W3C home > Mailing lists > Public > www-style@w3.org > February 2011

Re: [css3-flexbox] Calculating flexbox dimensions

From: Tab Atkins Jr. <jackalmage@gmail.com>
Date: Fri, 25 Feb 2011 09:37:00 -0800
Message-ID: <AANLkTikxO1pigKMs1jzGHvkJ3CRjKKiD4dbOjLRu7kM3@mail.gmail.com>
To: Alex Mogilevsky <alexmog@microsoft.com>
Cc: www-style list <www-style@w3.org>
On Thu, Feb 24, 2011 at 11:46 PM, Alex Mogilevsky <alexmog@microsoft.com> wrote:
> I think your questions are about mixed-direction layout in general, not just about flexbox. When content in orthogonal direction is unconstrained, there is no god solution for default size. We have discussed that in Beijing (it looks like the minutes were not public yet then, but you can find them).
>
> There is a few of ways to deal with underconstrained orthogonal flows
> 1) Do nothing. Authors have to provide appropriate sizes or constraints to get any reasonable results. Also, the situation is rare, so if poorly authored document is displayed poorly it is not really a problem.
> 2) Try to produce layout of a reasonable shape that can work with the orthogonal flow. For example, estimate amount of text and lay it out as a square.
> 3) Put an arbitrary constraint that can make underspecified content usable (although not necessarily elegant). For example constrain orthogonal content with viewport width or height.
>
> In IE5.5 (first to have vertical text) we in fact did (2). If a piece of vertical text in the middle of horizontal document (or in a table cell) didn't have specified height we tried to make it a square (which involved binary search layout). It was fun, but since then I have converted to philosophy that being too smart in technology is not always good.
>
> In Beijing, we have decided that constraining orthogonal flow with viewport height (or width) is a reasonably good default, because it (a) allows to scroll content to a point when it is readable and (b) is actually a very good default when the orthogonal element is the first element with content in the document (e.g. body).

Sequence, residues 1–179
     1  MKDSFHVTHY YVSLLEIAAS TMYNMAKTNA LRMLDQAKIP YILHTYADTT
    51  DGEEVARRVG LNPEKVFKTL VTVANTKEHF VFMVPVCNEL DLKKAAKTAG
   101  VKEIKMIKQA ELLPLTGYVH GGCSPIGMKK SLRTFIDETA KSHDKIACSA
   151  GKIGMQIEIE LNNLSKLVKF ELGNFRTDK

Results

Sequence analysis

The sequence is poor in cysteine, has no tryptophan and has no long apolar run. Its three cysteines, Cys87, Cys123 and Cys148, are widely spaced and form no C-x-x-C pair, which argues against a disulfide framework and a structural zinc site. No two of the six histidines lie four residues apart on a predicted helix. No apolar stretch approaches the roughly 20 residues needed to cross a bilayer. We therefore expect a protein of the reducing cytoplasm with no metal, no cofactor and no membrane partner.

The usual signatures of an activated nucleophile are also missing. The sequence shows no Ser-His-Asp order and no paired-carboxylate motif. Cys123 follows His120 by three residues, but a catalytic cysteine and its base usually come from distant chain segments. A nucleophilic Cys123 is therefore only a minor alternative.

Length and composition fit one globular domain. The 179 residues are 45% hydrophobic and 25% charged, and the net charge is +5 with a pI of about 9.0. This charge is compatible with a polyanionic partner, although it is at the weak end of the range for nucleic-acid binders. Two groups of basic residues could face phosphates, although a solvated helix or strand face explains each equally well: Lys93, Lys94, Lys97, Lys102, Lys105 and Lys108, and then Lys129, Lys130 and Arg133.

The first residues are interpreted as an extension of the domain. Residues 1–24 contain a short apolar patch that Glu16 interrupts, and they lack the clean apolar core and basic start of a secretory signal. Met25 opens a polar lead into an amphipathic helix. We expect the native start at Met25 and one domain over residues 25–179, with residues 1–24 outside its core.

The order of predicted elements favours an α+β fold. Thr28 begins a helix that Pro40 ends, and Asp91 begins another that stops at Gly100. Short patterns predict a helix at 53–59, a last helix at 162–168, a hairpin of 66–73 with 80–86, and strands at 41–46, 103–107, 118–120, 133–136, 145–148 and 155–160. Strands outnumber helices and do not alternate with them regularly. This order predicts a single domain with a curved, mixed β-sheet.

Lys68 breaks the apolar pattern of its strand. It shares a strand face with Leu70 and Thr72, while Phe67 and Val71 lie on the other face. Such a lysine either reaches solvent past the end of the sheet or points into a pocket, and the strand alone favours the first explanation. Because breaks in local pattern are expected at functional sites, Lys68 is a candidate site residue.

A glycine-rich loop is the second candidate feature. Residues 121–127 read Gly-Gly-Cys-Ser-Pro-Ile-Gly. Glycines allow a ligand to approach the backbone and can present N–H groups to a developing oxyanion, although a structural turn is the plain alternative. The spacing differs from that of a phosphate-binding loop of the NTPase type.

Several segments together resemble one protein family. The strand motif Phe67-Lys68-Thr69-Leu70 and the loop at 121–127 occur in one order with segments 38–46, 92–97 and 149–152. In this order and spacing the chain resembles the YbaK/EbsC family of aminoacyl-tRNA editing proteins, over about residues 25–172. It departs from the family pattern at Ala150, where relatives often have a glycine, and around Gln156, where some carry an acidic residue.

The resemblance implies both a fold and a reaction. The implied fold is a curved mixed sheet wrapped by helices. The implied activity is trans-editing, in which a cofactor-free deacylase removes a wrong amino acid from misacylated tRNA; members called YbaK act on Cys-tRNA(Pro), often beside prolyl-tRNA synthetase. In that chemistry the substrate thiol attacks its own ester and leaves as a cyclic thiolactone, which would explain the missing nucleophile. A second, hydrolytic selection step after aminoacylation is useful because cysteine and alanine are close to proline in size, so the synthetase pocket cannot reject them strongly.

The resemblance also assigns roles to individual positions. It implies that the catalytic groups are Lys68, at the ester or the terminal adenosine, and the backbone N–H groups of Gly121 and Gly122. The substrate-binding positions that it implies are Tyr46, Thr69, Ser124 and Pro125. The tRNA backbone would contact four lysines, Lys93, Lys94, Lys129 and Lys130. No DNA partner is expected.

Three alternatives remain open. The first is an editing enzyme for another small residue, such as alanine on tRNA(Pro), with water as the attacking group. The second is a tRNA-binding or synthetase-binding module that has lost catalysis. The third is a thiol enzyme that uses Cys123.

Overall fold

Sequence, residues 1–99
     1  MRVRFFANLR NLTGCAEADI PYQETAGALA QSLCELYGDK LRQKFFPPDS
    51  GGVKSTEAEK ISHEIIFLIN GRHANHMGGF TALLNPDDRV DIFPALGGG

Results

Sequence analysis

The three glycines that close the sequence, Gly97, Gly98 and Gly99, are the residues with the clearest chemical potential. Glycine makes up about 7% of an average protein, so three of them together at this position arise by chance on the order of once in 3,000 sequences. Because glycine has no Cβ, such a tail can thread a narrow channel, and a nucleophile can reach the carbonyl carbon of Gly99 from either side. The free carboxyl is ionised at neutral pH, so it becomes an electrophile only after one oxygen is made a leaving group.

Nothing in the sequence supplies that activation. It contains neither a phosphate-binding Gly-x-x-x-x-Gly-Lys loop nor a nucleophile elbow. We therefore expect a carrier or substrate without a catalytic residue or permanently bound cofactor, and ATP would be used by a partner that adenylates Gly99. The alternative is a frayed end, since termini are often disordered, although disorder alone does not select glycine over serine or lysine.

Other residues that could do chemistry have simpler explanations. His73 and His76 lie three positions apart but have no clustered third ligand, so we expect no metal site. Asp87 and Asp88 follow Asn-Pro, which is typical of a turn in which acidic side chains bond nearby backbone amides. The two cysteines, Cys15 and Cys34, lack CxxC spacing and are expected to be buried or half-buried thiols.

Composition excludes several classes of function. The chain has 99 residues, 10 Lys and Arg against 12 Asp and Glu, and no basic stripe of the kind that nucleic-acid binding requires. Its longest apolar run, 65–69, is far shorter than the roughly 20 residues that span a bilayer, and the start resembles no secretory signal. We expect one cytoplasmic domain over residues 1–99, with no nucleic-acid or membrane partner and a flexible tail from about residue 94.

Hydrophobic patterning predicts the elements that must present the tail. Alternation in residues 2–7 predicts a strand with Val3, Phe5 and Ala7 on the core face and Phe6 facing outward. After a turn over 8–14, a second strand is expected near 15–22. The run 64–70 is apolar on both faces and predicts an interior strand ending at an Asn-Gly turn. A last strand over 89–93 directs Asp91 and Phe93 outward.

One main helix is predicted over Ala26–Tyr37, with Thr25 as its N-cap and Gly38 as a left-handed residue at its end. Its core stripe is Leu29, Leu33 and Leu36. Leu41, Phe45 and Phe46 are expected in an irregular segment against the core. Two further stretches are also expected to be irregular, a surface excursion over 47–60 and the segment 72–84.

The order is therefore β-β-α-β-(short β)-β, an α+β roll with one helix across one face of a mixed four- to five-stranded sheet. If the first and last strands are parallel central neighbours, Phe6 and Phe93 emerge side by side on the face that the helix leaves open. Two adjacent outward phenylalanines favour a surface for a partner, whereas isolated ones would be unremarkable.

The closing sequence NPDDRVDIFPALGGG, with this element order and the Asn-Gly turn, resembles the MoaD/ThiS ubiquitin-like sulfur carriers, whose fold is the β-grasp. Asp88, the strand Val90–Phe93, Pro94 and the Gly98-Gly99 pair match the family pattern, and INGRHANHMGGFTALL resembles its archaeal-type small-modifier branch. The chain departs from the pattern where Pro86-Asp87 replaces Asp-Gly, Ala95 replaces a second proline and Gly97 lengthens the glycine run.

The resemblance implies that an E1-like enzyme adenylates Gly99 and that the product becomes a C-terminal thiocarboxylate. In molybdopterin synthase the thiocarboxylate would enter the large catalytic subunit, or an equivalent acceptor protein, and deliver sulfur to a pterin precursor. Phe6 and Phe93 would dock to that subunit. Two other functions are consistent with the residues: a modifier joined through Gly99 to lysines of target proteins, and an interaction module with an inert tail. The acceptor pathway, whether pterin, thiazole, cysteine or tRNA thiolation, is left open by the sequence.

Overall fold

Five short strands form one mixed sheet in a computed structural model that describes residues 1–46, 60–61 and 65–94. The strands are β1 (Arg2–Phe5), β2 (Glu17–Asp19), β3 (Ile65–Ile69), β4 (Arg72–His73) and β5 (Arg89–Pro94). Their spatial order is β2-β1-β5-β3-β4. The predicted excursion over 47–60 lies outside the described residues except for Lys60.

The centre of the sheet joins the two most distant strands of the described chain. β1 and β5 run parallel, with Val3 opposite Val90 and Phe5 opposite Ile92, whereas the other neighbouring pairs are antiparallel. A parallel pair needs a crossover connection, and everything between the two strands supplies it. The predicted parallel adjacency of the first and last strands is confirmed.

>
> The latter is what we did in IE8 and IE9, with adjustment by applicable margins, borders and paddings. CSS3 writing-mode spec should be saying the same thing (not sure where).

That was an excellent and really useful summary, Alex.  Thanks!  I
think you're right that using the constraint of 100vh is reasonable -
it's roughly analogous to the restriction to the container's width in
horizontal flow.

I think I can now write the section I was stumped on.


> I am not sure if I am really answering your question, but I really don't think flexbox needs to have any code that deals with orthogonal flow. Whatever shrink-to-fit does in floats, tables or inline blocks it should do in flexbox.

It would be great if I could ignore the issue and simply defer to
existing layout algorithms, but I'm not sure that these are defined
anywhere.  I'd rather not rely on undefined behavior simply because
other things already rely on the same undefined behavior.

I'll work on defining this for Flexbox explicitly right now, and if we
do have (or will have) a more general algorithm with sufficient hooks,
I'll switch over to that.  I really want to get this Editor's Draft
finished first, though.  ^_^

~TJ
Received on Friday, 25 February 2011 17:37:55 GMT

This archive was generated by hypermail 2.3.1 : Tuesday, 26 March 2013 17:20:37 GMT